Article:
Children's moral stories encourage children remember lessons and build virtues that they will help them throughout their lives. The stories center around characters that encounter challenges and the right or wrong choices they make when faced with these challenges. The Boy Who Cried Wolf helps them remember the importance of being honest. King Midas is a tale of wisdom and riches, and teaches children about being content with what we have. In this story Oliver from the MakingMusicFun.net Music Theory Arcade teaches us that nothing matters more than caring for others and helping them whenever you can.
by Andrew Fling
Whether Winter or Spring, never mind the season,
Oliver had no time for helping, whatever the reason.
It could be his hat was two sizes too small,
Or his head had been hit by a big rubber ball.
Whatever the reason, the hat or the ball,
He had no time for helping. No, not at all.
He sat in his room on that very bright day,
With the sourest of frowns, he had wanted to play.
He stared at his toys, though it wasn't to play.
His mother had asked him to put them away.
He looked and he thought, and he thought and he looked,
Until finally, finally, he picked up a book.
He picked up his pop-gun, his skates, and the like,
And wheeled to the corner his prized three-wheeled trike.
Then with his pogo stick, with stripes which are blue,
After bouncing awhile, he picked it up too.
When Oliver was finished, he looked all around.
Not a toy out of place. Not one to be found.
"I must find a way to stop all this bother,
While still pleasing friends, and father and mother.
I've no time for helping, I think that it's yucky.
I'd rather play in the tub, with my rubber ducky."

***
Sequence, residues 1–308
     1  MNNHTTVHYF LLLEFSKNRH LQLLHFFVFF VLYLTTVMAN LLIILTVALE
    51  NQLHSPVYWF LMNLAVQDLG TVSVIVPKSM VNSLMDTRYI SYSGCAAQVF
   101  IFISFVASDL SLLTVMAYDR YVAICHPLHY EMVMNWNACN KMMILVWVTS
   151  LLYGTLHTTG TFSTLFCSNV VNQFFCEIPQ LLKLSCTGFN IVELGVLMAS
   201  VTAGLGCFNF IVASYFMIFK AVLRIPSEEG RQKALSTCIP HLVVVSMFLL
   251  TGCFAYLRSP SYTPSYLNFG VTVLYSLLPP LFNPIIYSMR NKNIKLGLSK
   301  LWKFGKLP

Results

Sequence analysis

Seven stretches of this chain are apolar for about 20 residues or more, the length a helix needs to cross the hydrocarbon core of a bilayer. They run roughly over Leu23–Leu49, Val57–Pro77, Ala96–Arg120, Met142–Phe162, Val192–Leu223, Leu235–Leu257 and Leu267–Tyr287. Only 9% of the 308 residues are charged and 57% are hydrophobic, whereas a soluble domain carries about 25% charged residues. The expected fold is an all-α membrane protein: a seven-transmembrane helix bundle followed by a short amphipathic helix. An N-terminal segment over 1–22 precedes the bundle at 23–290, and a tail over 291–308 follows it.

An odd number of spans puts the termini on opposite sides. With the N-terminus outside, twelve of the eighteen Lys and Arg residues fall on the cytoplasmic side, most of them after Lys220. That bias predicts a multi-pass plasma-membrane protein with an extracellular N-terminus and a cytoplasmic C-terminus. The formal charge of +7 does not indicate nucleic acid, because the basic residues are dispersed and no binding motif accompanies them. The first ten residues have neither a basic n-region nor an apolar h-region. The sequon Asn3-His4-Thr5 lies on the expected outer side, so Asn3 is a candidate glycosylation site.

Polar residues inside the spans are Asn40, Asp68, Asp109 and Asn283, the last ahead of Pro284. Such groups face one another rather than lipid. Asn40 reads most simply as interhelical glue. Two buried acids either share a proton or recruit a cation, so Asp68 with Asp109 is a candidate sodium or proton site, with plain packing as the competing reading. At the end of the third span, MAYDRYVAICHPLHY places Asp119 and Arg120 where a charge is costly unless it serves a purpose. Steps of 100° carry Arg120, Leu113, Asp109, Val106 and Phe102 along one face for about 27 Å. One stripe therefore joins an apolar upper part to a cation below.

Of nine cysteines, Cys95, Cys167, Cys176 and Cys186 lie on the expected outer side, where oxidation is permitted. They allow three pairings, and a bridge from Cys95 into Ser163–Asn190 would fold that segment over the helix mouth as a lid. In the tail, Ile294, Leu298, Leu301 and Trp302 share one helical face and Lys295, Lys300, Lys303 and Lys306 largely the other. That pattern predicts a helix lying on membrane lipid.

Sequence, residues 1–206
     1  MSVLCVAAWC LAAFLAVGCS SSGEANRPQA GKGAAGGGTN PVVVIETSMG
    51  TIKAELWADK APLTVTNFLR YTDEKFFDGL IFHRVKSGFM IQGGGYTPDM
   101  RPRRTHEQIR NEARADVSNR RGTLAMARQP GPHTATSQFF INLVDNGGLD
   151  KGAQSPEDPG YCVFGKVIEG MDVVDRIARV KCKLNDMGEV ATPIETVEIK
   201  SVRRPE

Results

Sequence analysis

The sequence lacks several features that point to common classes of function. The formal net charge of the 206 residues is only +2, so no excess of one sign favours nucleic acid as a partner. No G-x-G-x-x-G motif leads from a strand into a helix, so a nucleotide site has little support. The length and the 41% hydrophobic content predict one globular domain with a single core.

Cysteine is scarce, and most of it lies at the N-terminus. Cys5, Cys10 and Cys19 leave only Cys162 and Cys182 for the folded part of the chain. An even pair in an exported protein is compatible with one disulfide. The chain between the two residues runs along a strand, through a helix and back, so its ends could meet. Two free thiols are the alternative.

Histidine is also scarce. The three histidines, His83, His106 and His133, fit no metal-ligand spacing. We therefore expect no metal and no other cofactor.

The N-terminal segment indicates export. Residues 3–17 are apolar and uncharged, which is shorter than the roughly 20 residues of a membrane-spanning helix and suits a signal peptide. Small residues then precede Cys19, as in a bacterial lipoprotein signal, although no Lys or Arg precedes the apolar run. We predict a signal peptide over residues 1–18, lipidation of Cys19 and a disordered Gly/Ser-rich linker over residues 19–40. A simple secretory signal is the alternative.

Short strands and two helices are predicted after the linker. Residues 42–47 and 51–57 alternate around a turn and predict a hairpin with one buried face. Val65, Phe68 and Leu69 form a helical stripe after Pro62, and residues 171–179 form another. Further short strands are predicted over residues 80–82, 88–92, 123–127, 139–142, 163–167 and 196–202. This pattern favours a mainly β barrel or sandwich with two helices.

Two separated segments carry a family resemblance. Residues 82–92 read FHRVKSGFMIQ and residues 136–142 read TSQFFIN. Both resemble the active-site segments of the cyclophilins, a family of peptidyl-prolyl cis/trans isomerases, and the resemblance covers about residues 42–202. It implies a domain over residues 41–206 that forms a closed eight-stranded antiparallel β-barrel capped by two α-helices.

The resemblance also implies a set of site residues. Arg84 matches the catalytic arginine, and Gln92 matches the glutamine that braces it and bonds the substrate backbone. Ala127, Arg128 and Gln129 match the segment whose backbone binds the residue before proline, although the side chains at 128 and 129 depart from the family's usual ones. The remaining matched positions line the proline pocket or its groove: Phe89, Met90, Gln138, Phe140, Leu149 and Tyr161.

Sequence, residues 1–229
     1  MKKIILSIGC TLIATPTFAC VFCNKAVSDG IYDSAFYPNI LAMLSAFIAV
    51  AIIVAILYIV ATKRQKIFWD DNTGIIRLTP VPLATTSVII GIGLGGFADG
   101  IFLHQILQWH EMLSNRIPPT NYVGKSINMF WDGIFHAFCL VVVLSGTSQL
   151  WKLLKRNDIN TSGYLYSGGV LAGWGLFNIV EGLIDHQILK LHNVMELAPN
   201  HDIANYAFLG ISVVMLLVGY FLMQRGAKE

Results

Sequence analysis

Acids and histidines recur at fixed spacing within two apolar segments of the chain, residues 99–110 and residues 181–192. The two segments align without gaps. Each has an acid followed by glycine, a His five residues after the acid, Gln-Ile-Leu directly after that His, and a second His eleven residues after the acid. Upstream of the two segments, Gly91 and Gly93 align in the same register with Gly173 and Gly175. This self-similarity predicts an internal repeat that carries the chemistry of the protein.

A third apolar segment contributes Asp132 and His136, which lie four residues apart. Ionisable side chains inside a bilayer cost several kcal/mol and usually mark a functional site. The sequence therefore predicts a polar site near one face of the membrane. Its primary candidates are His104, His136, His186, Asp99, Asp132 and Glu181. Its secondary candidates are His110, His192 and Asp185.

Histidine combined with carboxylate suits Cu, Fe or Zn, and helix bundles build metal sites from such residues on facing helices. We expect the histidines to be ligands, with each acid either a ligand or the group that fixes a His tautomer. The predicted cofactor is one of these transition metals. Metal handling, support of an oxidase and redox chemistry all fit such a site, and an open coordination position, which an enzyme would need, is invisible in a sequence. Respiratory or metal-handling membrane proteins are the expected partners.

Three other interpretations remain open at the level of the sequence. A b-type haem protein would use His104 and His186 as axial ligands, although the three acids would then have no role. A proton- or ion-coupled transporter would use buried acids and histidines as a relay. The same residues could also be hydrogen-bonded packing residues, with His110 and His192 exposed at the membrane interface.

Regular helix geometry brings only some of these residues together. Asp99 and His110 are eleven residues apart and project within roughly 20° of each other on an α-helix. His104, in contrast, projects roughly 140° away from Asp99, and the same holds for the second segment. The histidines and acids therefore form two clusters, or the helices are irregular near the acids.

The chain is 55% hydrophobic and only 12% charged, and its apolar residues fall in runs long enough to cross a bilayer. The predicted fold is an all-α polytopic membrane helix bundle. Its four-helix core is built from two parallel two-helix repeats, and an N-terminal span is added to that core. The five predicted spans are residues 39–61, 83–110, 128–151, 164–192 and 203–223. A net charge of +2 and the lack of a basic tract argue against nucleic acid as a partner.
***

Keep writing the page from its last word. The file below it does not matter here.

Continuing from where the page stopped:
So he thought up a plan, he reasoned was good.
At least it was good, as he understood.
"I'll start today, learning to throw,
My brand new Atomic Super Whiz-Bang Yo-Yo.
I'll practice each day, beginning to end.
And I'll try my best, to learn all I can.
My spins will amaze, and my loops will delight,
Everyone who sees them, will exclaim 'Out of Sight'.
I'll do them so well that no one will mind,
I spend my whole day, all the day with playtime."
So Oliver did just that.
He practiced, and practiced, and practiced some more,
And each day his skills grew better than before.
He practiced his loops until he was loopy,
And spins 'til he felt a little bit droopy.
Once Oliver knew all he needed to know,
He knew it was time to put on a show.
He told all his friends he had something to share,
A surprise that would be beyond all compare.
He began with a trick most every one knew,
One they would like and simple to do.
He covered the basics, like Walking-the-Dog,
And showed them a new one which he called Leap Frog.
He followed with others, impressive to see,
And watched Mom and Dad increasing with glee.
Thinking not a better trick could be cast,
Oliver had saved the best trick for last.
"Thank you for coming. I won't keep you late.
It's time for my last trick, The Super-Loop-Eight."
Not a sound could be heard except for the clock,
Which seemed to grow louder as it TICK, TICK, TICK, TOCKED.
With the greatest of speed, the Yo-Yo took flight,
Leaving behind a bold streak of light.
Those who were there, observing the flight,
Recall just a flash which was ever so bright.
Back like a boomerang like lightning it flew,
Followed by bubbles, a thousand or two.
Without coming to rest, it flew out again,
On an opposite path toward a similar end.
Taking the path of a large figure eight,
The Yo-Yo flew true and ever so straight.
When finally it came to rest in his hand,
Oliver was assured the success of his plan.
Cheers and whistles began and they grew.
Even streamers were counted, one hundred or two.
Everyone praised him as they went their way,
Though his mother said something that added dismay.
"Wonderful Oliver," his mother said,
"Now hurry home, you have chores before bed."
Then without pausing, even a moment or two,
Oliver let out a great big, "BOO-HOO!"
Nothing had happened. Nothing had changed.
None of this nonsense was rearranged.
This puzzled Oliver. So he stopped for a moment to think.
When his thinker had thunk all that it could,
A thought came to mind he finally understood.
My mother told me, if I want to be cool,
I can't be ignoring God's Golden Rule.
To do unto others as they've done for me,
Is the best plan for all in this big blue sea.
With Yo-Yo in hand swimming fast as he could,
He went home to help however he should.
He realized God's gift, and what it was for,
What made him special, what He had in store.
Whatever the need, Whether small, Whether great,
He'd lend a hand, After all … he has EIGHT.